2. Keith, it’s funny, but I was listening to that podcast last nite at work also. The passion that Ron Kosloff has about fitness and his admiration for Vince Gironda was clearly evident. I was shocked how Vince had been preaching the Paleo way 50 years ago in addition to how he was viewed as a freak.

    What does Ron say – that they considered Vince “Too Ripped”!!? Truly the guy had something working for him.

    One thing that came to mind was Ron’s take on protein and milk. His opinion is that protein is no good without lactose and whey protein is garbage. Whereas, Carl had a guy on a few weeks ago who said whey protein is the best thing out there. What’s your take on things?

    • Just don’t ever fall into the trap of “paralysis via analysis”, Marc; at a certain point you’ve got to trust your gut 🙂

  3. gironda war eine grosse persönlichkeit. ein mann der wusste was er macht. leider gab es nur einmal vinces gironda.
    r. eberhard

  4. Dude, Keith, thank you.

    Even though I’d been planning for (and planning and planning) to get back in the gym after the better part of a decade off, it was this post about Vince Gironda, and a couple other posts on your blog, that finally convinced me to get my ass in the gym yesterday.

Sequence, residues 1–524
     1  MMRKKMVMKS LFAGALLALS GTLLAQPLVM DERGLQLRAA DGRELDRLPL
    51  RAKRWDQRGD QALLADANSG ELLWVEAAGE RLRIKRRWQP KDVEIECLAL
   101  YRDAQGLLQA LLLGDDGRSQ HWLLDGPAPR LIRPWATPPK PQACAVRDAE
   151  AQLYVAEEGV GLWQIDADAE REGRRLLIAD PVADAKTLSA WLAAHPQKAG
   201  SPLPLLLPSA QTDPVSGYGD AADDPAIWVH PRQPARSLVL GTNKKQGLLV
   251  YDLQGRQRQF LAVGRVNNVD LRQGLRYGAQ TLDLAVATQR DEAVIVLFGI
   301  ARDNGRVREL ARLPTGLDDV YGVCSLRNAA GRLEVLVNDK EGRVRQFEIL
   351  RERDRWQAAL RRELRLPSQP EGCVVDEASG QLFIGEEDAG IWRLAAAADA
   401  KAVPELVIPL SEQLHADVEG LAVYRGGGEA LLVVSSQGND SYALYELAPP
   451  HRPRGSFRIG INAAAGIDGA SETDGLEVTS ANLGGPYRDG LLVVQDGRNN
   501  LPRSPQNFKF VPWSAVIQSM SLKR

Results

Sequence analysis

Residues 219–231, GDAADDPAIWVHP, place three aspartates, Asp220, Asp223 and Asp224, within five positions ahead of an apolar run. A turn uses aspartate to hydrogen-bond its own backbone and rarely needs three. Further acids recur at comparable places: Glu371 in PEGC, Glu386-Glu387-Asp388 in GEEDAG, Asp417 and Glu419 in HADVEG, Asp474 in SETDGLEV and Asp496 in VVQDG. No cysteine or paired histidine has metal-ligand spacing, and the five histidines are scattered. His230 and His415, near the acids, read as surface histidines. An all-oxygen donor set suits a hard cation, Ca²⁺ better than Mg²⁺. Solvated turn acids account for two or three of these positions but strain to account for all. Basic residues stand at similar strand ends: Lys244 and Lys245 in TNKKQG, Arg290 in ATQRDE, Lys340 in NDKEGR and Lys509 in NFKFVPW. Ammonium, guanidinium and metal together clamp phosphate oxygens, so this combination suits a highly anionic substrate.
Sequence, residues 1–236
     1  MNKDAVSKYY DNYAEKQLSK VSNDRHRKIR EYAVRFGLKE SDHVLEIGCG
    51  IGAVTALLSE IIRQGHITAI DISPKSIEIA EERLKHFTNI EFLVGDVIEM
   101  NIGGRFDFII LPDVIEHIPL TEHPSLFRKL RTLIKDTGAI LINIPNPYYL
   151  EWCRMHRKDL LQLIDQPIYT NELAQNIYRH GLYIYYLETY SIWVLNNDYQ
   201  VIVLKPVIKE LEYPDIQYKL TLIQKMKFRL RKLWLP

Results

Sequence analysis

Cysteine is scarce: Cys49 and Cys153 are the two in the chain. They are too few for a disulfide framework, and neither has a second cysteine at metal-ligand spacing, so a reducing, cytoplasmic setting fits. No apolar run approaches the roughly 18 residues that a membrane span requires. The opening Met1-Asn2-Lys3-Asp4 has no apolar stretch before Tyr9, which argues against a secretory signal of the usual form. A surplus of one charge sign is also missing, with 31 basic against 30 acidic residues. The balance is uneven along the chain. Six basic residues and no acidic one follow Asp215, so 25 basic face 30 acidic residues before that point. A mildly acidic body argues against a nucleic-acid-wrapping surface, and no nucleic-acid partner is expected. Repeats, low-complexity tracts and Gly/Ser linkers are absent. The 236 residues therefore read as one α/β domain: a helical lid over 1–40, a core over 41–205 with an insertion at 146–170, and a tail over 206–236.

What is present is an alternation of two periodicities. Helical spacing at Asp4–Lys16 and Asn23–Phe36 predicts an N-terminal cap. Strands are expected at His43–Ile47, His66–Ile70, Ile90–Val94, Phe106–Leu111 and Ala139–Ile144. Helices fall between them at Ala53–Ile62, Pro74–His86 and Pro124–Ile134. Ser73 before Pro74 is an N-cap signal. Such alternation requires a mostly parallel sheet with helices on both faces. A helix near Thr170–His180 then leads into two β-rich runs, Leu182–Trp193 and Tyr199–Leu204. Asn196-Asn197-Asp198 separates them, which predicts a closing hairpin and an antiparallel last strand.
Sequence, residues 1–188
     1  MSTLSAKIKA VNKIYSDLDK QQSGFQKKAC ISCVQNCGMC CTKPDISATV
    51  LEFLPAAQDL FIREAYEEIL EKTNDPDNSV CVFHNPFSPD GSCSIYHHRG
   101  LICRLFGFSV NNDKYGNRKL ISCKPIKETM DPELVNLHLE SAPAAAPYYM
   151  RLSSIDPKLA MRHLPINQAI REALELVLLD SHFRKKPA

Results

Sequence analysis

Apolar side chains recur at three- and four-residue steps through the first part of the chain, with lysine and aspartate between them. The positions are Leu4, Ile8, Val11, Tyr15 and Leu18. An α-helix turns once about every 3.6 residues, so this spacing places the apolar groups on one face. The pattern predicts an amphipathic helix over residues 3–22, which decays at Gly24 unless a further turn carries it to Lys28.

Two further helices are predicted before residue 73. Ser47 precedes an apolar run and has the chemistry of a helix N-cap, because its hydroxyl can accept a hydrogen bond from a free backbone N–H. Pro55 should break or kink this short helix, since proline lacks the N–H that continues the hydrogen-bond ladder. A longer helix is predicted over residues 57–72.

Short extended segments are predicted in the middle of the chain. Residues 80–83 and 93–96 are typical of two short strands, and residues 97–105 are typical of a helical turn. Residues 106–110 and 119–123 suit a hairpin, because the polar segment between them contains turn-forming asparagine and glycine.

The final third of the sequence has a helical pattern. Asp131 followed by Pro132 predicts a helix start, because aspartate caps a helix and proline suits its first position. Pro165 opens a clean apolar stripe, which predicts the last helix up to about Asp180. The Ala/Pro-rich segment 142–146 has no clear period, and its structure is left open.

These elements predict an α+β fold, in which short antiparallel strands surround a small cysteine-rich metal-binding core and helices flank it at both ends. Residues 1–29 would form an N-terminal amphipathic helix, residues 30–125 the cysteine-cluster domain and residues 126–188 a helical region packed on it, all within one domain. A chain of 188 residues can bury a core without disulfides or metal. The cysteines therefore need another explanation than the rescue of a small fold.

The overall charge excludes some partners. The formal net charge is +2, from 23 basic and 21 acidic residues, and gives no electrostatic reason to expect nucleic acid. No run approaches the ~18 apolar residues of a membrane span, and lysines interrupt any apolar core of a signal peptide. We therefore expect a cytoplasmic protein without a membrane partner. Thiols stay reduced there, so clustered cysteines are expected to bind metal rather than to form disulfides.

And I had fun. I worked out harder — if briefer — than a lot of their regulars, and I know I can work out harder today!

    In fact, your whole “paleo bodybuilder” frame of mind got me to thinking… and in my “plan” I’ll use both order and chaos.

    So rather than linearly try to space my workouts, I’ll work out a couple times in near proximity to each other (24-48 hours apart), take time off (7-10 days), and repeat. This enforced temporal variability will, I hope, overcome some of my statist thinking, reduce obsession with less than crucial details, and be enjoyable.

    But aside from the details of my plan subject to change, you are the man who motivated me from …

    Theory to Practice.

    P.S. And your photo for a man in his 40s, which I will be too sooner than later, is inspiring.

  5. Thanks for the post, Keith. It’s always nice to see people getting turned on to Vince. I had the good fortune to have actually worked for him and with him, as a personal trainer and trainee at Vince’s Gym. Much of what he advocated in terms of diet flew in the face of the “experts”. Being only 23 at the time and not appreciating that I was, in fact, in the presence of some kind of genius, I had a hard time accepting some of what he said, such as “You’ve gotta eat fat to burn fat!” Reading his materials now, both I and my wife, who has a Masters in nutrition, keep marveling; “How did he KNOW that back then???” He was cantankerous, charismatic, forceful, funny and, in terms of running a financially healthy gym, probably his own worst enemy, but I believe his heart was always in the right place. There are many pieces of equipment that I truly miss, as all of it was custom made. I’m in the beginning stages of starting my own blog on which I’ll wander through my 40 years of working out [I’m still in the gym at 6 a.m., 5 or 6 days a week] and my time at Vince’s. I’ll let you know when it’s up.